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Front Pharmacol. 2013 Dec 31;4:167. doi: 10.3389/fphar.2013.00167.

Regional siderosis: a new challenge for iron chelation therapy.

Author information

1
Department of Biological Chemistry, Adelina and Massimo Della Pergola Chair, Alexander Silberman Institute of Life Sciences, Hebrew University of Jerusalem Givat Ram, Jerusalem, Israel.
2
Clinical Research Unit, Medical Genetic Clinic and Research Unit INSERM 781, Hôpital Necker-Enfants Malades and Université Paris V René Descartes Paris, France.
3
Technion-Rappaport Family Faculty of Medicine, Eve Topf Center of Excellence Haifa, Israel.
4
Department of Medical Pharmacology, EA1046, Faculty of Medicine, Lille Nord de France University and Lille University Medical Center Lille, France.

Abstract

The traditional role of iron chelation therapy has been to reduce body iron burden via chelation of excess metal from organs and fluids and its excretion via biliary-fecal and/or urinary routes. In their present use for hemosiderosis, chelation regimens might not be suitable for treating disorders of iron maldistribution, as those are characterized by toxic islands of siderosis appearing in a background of normal or subnormal iron levels (e.g., sideroblastic anemias, neuro- and cardio-siderosis in Friedreich ataxia- and neurosiderosis in Parkinson's disease). We aimed at clearing local siderosis from aberrant labile metal that promotes oxidative damage, without interfering with essential local functions or with hematological iron-associated properties. For this purpose we introduced a conservative mode of iron chelation of dual activity, one based on scavenging labile metal but also redeploying it to cell acceptors or to physiological transferrin. The "scavenging and redeployment" mode of action was designed both for correcting aberrant iron distribution and also for minimizing/preventing systemic loss of chelated metal. We first examine cell models that recapitulate iron maldistribution and associated dysfunctions identified with Friedreich ataxia and Parkinson's disease and use them to explore the ability of the double-acting agent deferiprone, an orally active chelator, to mediate iron scavenging and redeployment and thereby causing functional improvement. We subsequently evaluate the concept in translational models of disease and finally assess its therapeutic potential in prospective double-blind pilot clinical trials. We claim that any chelator applied to diseases of regional siderosis, cardiac, neuronal or endocrine ought to preserve both systemic and regional iron levels. The proposed deferiprone-based therapy has provided a paradigm for treating regional types of siderosis without affecting hematological parameters and systemic functions.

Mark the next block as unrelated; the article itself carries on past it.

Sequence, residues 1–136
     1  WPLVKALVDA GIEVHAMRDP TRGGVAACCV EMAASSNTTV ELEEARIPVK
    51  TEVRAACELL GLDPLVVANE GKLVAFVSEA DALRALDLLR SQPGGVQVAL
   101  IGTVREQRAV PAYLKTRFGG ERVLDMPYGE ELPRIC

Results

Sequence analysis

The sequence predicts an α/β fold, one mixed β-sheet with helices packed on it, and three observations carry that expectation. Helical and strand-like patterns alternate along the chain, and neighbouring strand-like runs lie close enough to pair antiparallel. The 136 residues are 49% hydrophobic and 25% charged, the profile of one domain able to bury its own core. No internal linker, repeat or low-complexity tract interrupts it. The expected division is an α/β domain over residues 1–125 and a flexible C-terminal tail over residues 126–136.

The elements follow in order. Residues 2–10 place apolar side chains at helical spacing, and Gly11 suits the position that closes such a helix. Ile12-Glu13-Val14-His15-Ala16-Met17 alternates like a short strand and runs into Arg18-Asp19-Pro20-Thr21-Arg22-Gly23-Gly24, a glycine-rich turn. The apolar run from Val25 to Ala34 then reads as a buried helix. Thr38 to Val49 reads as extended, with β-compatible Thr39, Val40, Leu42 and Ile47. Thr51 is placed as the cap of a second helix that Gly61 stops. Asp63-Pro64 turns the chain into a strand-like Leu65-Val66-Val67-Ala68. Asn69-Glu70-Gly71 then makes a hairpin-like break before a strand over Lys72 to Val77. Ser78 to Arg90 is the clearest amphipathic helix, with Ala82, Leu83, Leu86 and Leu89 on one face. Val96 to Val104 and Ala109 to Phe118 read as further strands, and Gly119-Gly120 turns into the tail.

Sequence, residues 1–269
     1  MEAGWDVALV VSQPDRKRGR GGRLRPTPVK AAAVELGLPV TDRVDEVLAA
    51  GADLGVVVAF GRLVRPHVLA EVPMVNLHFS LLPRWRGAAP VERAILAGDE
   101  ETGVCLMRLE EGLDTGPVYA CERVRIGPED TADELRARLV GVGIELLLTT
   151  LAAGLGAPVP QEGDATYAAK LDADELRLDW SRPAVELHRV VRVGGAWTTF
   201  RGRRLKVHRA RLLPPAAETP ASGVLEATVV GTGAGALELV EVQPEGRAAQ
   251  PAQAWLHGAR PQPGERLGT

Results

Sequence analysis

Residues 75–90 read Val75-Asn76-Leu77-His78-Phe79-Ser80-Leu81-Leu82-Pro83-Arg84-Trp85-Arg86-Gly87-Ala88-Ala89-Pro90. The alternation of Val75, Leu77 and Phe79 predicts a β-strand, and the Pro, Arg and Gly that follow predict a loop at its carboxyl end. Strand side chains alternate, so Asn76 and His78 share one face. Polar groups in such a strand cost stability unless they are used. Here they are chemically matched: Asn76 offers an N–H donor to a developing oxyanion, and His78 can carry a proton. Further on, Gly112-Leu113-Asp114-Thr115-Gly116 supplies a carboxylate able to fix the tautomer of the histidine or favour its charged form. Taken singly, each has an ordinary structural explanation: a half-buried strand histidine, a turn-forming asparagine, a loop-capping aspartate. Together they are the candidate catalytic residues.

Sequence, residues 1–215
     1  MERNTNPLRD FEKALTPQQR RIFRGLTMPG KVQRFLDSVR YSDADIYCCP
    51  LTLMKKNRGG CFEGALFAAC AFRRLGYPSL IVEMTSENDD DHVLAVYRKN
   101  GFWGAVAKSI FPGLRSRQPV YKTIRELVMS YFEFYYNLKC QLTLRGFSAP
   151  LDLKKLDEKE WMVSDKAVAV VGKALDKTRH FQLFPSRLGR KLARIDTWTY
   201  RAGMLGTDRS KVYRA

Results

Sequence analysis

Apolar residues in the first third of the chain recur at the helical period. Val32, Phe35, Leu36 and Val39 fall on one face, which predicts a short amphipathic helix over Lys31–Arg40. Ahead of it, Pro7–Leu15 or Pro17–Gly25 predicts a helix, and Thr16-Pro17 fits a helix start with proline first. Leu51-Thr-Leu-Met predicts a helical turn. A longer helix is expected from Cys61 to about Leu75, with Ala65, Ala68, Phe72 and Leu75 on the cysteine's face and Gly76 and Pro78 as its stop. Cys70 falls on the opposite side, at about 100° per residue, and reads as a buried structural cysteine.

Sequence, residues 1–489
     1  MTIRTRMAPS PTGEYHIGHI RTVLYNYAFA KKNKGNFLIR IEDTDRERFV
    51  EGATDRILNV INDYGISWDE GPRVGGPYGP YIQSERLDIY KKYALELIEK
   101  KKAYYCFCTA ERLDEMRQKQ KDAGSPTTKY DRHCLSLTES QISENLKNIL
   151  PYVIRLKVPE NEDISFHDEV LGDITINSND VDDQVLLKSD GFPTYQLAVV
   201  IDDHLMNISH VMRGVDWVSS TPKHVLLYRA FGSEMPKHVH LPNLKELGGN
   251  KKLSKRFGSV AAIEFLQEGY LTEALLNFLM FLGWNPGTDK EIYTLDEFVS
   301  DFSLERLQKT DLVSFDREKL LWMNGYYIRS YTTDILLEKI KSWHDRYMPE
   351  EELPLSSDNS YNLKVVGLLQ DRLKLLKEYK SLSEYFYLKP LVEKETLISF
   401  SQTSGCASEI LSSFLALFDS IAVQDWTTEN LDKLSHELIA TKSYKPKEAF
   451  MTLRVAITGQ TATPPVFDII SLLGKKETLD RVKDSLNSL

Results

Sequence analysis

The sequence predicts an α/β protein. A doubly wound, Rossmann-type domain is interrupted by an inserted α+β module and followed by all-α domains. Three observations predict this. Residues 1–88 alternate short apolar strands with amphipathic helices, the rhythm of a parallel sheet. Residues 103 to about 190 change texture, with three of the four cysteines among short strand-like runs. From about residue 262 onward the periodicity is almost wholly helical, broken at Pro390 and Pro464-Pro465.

KEYWORDS:

Friedereich ataxia; Parkinson's disease; chelators; iron; neurodegeneration; sideroblastic anemia

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